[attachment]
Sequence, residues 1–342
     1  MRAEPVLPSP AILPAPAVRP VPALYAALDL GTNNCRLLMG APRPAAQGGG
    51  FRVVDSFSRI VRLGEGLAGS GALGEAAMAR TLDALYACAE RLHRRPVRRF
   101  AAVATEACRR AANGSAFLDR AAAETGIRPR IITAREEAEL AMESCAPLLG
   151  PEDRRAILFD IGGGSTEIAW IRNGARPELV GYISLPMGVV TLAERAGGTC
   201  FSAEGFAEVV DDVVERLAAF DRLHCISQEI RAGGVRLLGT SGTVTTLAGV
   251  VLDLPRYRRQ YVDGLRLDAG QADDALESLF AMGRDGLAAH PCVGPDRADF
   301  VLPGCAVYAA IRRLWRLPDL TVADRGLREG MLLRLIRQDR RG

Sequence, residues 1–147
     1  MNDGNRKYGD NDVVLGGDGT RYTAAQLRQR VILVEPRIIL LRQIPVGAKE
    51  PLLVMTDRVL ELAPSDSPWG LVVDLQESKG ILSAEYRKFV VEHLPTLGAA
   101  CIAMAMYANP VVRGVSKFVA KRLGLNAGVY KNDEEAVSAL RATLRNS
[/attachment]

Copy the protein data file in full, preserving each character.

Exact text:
Sequence, residues 1–342
     1  MRAEPVLPSP AILPAPAVRP VPALYAALDL GTNNCRLLMG APRPAAQGGG
    51  FRVVDSFSRI VRLGEGLAGS GALGEAAMAR TLDALYACAE RLHRRPVRRF
   101  AAVATEACRR AANGSAFLDR AAAETGIRPR IITAREEAEL AMESCAPLLG
   151  PEDRRAILFD IGGGSTEIAW IRNGARPELV GYISLPMGVV TLAERAGGTC
   201  FSAEGFAEVV DDVVERLAAF DRLHCISQEI RAGGVRLLGT SGTVTTLAGV
   251  VLDLPRYRRQ YVDGLRLDAG QADDALESLF AMGRDGLAAH PCVGPDRADF
   301  VLPGCAVYAA IRRLWRLPDL TVADRGLREG MLLRLIRQDR RG

Sequence, residues 1–147
     1  MNDGNRKYGD NDVVLGGDGT RYTAAQLRQR VILVEPRIIL LRQIPVGAKE
    51  PLLVMTDRVL ELAPSDSPWG LVVDLQESKG ILSAEYRKFV VEHLPTLGAA
   101  CIAMAMYANP VVRGVSKFVA KRLGLNAGVY KNDEEAVSAL RATLRNS